Édouard Louis, born in 1992, grew up in Hallencourt, a village in the north of France where many live below the poverty line. Now his account of life in that village, written when he was nineteen, has ignited a debate on class and inequality, foisting Louis into the center of French literary life.
En finir avec Eddy Bellegueule (Finishing off Eddy Bellegueule) is unsparing in its descriptions of the homophobia, alcoholism, and racism that animated Louis’s youth in Hallencourt. “We thought the book would be as invisible as the people it describes,” said Louis, who rejects any romantic views of the “authenticity” of working-class life. His publisher thought the first edition, two thousand copies, would last years. But hundreds of thousands of copies have sold in France, and the book is being translated into more than twenty languages. The novel, which has earned Louis comparisons to Zola, Genet, and de Beauvoir, is set to appear in English later this year.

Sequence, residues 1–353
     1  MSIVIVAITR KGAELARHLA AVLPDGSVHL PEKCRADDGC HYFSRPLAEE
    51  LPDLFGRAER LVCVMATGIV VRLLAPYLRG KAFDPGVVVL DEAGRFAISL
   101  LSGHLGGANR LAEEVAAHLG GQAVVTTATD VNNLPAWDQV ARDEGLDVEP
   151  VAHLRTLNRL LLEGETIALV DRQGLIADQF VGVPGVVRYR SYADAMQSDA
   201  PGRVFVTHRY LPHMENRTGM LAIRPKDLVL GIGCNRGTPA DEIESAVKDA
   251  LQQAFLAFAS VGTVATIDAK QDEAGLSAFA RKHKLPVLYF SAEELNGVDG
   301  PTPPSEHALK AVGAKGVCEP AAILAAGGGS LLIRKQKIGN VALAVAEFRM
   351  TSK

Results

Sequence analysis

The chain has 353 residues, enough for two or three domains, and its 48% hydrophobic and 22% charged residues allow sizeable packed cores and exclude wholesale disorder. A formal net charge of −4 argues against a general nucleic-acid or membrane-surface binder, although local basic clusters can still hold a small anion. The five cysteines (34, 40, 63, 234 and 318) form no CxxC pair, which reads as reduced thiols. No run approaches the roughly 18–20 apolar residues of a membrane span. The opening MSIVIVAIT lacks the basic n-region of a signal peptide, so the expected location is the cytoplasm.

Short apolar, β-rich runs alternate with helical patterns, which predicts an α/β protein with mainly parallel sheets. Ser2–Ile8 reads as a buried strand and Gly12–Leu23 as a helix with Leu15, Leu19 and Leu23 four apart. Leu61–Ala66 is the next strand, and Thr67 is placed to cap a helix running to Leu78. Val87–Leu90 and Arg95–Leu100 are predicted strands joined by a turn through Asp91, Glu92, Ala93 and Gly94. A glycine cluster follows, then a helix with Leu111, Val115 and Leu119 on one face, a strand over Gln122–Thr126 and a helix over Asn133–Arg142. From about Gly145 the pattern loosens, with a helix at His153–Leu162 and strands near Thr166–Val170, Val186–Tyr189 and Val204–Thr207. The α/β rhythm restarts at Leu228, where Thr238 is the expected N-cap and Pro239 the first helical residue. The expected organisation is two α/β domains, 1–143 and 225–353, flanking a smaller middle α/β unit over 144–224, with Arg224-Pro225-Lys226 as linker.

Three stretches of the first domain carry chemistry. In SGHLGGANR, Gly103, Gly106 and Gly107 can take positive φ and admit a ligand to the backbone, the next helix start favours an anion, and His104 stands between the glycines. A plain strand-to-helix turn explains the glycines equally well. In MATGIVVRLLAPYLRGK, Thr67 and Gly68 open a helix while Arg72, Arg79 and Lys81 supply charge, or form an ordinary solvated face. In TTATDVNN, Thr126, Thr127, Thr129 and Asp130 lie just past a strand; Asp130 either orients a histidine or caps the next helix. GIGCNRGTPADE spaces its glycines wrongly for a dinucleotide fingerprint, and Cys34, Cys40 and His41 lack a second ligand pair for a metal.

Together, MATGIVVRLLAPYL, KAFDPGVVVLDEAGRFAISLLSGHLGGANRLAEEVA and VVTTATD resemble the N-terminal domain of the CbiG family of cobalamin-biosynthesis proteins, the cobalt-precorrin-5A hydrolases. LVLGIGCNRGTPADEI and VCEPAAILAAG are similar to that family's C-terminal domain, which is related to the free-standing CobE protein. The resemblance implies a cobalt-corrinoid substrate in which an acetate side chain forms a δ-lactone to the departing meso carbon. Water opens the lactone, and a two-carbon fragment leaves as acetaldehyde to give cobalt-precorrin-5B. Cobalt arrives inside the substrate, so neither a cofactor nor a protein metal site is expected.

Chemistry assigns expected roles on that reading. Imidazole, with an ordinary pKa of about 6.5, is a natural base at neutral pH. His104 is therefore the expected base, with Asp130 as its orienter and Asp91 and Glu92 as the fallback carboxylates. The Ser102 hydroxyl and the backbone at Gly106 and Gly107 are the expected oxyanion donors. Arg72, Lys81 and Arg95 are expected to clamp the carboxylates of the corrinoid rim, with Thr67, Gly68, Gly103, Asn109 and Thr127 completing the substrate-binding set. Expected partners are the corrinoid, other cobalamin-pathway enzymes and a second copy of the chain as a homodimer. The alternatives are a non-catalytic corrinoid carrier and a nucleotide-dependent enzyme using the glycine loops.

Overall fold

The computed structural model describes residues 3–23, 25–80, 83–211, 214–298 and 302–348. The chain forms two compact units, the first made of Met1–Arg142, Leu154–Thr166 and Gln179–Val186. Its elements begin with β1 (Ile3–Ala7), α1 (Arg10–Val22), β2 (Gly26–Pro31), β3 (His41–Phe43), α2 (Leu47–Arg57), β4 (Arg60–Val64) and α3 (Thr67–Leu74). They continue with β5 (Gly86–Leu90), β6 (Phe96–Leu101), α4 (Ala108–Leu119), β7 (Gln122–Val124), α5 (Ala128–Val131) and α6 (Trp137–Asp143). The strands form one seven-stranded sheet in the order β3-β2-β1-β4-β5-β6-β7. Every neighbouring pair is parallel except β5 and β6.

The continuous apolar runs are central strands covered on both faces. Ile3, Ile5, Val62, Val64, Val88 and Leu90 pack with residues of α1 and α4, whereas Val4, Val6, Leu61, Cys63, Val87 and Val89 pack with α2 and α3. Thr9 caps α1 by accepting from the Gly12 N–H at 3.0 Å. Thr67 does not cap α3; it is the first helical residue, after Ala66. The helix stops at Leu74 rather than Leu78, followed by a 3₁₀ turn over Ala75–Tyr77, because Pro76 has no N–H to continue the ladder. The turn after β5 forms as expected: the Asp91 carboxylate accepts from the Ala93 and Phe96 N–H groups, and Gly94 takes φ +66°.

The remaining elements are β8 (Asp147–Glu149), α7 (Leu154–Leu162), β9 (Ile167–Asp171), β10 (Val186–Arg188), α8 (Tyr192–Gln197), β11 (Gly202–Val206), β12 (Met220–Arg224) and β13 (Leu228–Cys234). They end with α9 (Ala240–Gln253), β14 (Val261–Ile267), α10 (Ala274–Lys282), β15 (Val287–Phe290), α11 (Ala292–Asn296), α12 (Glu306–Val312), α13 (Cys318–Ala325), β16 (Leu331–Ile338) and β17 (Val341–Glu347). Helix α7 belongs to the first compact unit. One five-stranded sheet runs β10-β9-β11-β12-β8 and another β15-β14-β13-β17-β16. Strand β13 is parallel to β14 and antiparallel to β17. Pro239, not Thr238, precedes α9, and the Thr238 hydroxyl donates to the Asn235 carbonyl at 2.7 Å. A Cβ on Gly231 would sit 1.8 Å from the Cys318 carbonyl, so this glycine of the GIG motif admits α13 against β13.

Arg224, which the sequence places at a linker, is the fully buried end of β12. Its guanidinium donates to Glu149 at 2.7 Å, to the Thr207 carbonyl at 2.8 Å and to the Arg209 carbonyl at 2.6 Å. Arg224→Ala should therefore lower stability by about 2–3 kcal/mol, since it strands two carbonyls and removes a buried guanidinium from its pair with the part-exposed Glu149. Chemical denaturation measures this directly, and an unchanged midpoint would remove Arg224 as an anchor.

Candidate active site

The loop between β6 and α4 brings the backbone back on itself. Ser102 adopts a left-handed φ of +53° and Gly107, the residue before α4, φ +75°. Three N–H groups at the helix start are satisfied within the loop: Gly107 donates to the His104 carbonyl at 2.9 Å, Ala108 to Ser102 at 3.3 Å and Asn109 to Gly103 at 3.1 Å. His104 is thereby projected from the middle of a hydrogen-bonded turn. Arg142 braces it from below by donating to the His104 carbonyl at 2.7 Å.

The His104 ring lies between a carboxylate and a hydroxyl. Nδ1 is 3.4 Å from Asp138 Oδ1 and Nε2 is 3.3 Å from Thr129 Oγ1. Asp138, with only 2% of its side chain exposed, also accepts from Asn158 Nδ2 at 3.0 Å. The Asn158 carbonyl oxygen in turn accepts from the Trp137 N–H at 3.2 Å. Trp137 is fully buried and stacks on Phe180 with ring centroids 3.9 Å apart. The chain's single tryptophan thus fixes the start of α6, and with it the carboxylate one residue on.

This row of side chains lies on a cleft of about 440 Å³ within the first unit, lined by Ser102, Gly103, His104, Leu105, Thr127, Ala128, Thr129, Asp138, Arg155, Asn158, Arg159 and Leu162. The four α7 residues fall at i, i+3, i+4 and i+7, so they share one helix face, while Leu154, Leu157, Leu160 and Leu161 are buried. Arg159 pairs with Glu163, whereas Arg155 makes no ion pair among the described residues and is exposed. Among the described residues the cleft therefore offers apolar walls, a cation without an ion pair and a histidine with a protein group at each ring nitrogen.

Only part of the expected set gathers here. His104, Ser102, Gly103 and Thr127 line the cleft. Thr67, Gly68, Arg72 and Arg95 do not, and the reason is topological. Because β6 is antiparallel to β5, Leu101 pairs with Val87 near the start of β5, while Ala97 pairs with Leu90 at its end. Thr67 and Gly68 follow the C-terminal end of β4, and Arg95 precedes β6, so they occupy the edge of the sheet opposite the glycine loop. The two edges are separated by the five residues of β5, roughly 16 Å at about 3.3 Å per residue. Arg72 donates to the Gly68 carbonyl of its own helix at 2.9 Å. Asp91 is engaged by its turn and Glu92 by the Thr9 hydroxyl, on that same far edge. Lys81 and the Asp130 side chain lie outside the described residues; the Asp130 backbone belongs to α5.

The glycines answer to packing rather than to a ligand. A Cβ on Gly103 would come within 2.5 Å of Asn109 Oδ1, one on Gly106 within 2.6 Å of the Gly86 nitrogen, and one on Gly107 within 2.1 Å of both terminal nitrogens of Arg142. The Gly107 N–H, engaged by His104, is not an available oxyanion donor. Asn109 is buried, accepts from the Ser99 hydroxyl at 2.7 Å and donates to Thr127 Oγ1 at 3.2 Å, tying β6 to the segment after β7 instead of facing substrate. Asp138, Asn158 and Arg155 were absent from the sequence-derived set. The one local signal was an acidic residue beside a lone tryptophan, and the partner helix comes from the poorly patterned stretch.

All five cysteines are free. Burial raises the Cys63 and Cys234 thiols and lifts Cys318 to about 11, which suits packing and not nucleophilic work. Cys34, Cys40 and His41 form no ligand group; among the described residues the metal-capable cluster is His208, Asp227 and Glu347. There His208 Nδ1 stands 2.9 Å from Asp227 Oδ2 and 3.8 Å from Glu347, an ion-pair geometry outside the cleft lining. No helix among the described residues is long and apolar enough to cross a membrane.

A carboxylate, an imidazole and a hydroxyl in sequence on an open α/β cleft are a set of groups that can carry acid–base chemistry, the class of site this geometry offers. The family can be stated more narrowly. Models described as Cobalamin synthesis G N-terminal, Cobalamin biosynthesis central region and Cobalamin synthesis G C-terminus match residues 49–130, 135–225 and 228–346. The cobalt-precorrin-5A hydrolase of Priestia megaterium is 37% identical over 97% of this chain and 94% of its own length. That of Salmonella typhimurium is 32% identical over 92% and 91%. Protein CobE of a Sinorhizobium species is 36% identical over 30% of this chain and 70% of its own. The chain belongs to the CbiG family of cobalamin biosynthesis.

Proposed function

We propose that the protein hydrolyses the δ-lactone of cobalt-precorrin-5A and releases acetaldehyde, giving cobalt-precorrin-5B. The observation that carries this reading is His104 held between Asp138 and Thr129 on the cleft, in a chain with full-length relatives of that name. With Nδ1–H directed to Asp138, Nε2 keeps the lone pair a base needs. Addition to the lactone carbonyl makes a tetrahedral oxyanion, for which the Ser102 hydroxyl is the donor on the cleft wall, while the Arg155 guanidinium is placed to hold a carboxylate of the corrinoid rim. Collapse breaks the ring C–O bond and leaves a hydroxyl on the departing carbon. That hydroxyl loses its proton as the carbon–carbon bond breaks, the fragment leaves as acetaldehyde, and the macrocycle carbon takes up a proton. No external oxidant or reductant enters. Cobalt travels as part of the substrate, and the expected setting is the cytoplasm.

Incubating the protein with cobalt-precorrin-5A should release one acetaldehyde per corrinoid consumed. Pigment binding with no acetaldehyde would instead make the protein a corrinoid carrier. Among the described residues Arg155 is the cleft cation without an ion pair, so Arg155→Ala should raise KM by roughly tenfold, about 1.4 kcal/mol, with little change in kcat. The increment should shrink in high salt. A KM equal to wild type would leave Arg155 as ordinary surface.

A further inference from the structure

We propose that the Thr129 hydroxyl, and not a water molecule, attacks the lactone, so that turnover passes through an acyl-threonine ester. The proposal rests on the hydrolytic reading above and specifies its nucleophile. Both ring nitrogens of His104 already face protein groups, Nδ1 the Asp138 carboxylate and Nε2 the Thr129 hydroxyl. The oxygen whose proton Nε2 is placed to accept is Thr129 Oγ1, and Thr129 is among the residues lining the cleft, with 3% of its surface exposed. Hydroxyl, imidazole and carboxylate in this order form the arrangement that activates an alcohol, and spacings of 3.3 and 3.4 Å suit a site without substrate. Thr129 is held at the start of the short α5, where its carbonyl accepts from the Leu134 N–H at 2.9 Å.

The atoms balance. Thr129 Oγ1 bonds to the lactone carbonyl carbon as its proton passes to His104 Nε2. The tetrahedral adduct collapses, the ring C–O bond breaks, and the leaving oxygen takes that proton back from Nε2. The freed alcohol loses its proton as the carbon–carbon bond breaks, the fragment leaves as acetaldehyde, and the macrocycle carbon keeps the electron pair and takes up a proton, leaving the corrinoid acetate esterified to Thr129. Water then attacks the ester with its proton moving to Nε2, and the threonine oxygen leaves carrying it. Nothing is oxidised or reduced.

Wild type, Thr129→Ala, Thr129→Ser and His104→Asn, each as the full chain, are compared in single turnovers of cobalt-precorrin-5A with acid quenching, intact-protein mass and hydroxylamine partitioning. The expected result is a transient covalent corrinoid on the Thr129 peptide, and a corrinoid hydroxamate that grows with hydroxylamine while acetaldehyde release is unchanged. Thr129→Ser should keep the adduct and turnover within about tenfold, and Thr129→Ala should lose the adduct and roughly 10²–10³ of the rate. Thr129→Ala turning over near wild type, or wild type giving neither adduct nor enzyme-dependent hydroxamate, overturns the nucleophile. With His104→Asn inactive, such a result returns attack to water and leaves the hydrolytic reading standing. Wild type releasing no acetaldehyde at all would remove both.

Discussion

Eddy Bellegueule can be read as a straightforward coming-of-age story, but beneath its narrative is an almost systematic examination of the norms and habits of the villagers—inspired, Louis has said, by the theories of the French sociologist Pierre Bourdieu. It’s as if he’s taken the whole place and put it behind glass—like observing the inner workings of an anthill.
Who is Eddy Bellegueule, and why do you want to finish him off?
Eddy Bellegueule is the name my parents gave me when I was born. It sounds dramatic, but yes, I wanted to kill him—he wasn’t me, he was the name of a childhood I hated. The book shows how—before I revolted against my childhood, my social class, my family, and, finally, my name—it was my milieu that revolted against me. My father and my brothers wanted to finish off Eddy Bellegueule long before, at a time when I was still trying to save him. Read More »